The deafening news shocked the whole world yesterday: the British Queen Elizabeth II died peacefully at the age of 96…
GBP: clearer skies ahead
Information is not investment advice
Thanks to the rapid deployment of the vaccines, the virus dynamics in the UK are consistently improving. As the below charts show, the number of infections is dropping as does the mortality rate. At the moment, it’s the primary fundamental factor that lets observers assume the coming of economic recovery in the UK.
In the meantime, unemployment appears to have passed the peak in December-January – that corresponds to the peak of infections in the same period. The number of employed people grew almost 70,000 in February giving reason to assume that the jobless rate will be less than 5% in that month. In general, companies are reported to take an upward curve as they are hiring more in expectation of the ending lockdown and improved humanitarian and, hence, economic environment.
In the meantime, inflation eased to 0.4% in the UK. Analysts say it’s the result of the drop in the prices of clothes and leisure items that saw lower demand recently. However, observers comment that the stockpiles of cash accumulated over lockdowns and lower consumer activity may soon spur the economy as people are expected to spend more. The Bank of England’s target is 2% for the first part of the year. The Chancellor of the Exchequer Rishi Sunak’s policy on continuing furlough payments to the UK citizens may help reach that objective on time.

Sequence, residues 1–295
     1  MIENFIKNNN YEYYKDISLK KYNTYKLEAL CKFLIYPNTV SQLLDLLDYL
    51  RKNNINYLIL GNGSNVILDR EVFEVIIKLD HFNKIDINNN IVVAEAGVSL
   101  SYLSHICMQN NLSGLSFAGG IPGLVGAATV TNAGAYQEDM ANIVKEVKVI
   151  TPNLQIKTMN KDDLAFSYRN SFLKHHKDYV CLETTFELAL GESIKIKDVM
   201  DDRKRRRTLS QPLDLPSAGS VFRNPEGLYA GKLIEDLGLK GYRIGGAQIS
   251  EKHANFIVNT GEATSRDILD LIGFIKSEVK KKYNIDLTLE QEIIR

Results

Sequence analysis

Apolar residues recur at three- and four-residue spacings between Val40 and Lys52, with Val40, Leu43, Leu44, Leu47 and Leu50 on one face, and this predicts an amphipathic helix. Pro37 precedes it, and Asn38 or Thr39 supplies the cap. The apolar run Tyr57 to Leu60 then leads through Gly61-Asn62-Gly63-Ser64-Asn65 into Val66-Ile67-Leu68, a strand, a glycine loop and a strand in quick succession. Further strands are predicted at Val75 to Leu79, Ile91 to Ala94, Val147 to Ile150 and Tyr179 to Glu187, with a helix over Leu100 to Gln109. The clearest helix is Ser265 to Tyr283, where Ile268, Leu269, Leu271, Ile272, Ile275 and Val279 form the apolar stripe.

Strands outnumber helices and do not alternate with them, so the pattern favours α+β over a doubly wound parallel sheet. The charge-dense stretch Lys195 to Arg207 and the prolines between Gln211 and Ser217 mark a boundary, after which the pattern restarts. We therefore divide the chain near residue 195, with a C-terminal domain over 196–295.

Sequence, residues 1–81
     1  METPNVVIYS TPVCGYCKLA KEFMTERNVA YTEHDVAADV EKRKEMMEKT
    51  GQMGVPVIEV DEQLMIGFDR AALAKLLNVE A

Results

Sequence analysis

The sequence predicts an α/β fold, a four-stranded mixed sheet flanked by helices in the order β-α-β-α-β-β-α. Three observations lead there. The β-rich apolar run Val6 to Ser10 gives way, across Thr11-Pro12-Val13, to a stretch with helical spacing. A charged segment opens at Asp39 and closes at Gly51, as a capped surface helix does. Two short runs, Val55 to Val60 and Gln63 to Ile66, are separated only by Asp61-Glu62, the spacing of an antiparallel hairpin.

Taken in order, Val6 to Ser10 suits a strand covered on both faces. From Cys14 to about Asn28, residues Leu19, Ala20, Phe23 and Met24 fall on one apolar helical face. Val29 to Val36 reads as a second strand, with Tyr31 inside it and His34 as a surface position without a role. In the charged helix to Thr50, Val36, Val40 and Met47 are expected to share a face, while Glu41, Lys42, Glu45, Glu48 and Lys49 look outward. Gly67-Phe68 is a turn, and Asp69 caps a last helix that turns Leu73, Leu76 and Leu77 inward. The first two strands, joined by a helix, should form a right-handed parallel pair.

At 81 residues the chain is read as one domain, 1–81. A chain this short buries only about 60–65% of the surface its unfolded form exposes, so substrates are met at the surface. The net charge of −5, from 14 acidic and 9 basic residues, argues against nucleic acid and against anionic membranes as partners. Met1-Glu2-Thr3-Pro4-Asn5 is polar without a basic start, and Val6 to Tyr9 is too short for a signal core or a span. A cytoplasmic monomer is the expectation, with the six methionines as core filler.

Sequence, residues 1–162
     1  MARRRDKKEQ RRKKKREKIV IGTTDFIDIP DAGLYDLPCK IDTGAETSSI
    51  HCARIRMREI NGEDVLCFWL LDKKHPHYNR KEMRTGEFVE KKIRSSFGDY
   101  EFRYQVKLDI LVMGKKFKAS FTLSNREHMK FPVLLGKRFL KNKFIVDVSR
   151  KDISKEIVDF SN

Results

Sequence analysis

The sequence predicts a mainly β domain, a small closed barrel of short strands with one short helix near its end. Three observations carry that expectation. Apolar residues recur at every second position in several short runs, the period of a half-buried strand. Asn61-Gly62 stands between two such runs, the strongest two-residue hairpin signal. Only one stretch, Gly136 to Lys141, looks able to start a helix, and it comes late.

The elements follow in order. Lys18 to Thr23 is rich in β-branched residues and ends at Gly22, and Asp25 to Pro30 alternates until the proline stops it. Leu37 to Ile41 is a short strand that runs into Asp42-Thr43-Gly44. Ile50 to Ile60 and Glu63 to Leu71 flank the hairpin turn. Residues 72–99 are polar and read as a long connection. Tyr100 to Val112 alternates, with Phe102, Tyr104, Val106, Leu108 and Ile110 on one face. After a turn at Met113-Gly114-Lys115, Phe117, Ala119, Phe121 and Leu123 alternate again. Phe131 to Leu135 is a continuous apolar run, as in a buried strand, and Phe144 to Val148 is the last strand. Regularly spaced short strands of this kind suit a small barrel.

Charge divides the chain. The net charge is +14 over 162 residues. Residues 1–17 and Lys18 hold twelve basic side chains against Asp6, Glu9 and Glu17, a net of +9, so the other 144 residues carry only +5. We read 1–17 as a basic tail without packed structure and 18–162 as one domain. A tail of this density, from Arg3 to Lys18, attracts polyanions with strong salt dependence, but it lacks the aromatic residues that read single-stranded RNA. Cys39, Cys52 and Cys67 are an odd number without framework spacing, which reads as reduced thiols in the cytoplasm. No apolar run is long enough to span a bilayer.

In recent months, the GBP gained significantly against the USD and the EUR. That is, despite all the Brexit hurdles and the worst economic crisis in the UK for the last 300 years. Optimism about the British economy suggests further strengthening of the pound beyond its current levels. However, another version is that as the global economy recovers with the USD and the EUR restoring their value, the pound will get back to its pre-virus levels: GBP/USD to the area of 1.30 and EUR/GBP to 0.90. The coming months will confirm – or disprove – if there will be signs of the trends that would correspond to this assumption. In any case, the economy is fundamentally on a clear recovery path in the UK.
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